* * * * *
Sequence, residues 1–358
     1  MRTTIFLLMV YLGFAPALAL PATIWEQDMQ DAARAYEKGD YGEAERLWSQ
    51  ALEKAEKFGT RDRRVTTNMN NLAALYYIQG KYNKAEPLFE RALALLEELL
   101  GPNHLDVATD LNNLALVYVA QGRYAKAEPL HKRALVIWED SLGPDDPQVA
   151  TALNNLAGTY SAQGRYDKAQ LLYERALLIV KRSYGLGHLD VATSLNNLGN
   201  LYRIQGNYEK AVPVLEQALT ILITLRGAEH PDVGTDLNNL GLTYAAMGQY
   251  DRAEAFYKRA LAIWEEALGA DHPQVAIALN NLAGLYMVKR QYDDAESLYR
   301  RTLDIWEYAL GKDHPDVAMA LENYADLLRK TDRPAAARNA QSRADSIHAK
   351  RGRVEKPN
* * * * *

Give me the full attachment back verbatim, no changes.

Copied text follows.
Sequence, residues 1–358
     1  MRTTIFLLMV YLGFAPALAL PATIWEQDMQ DAARAYEKGD YGEAERLWSQ
    51  ALEKAEKFGT RDRRVTTNMN NLAALYYIQG KYNKAEPLFE RALALLEELL
   101  GPNHLDVATD LNNLALVYVA QGRYAKAEPL HKRALVIWED SLGPDDPQVA
   151  TALNNLAGTY SAQGRYDKAQ LLYERALLIV KRSYGLGHLD VATSLNNLGN
   201  LYRIQGNYEK AVPVLEQALT ILITLRGAEH PDVGTDLNNL GLTYAAMGQY
   251  DRAEAFYKRA LAIWEEALGA DHPQVAIALN NLAGLYMVKR QYDDAESLYR
   301  RTLDIWEYAL GKDHPDVAMA LENYADLLRK TDRPAAARNA QSRADSIHAK
   351  RGRVEKPN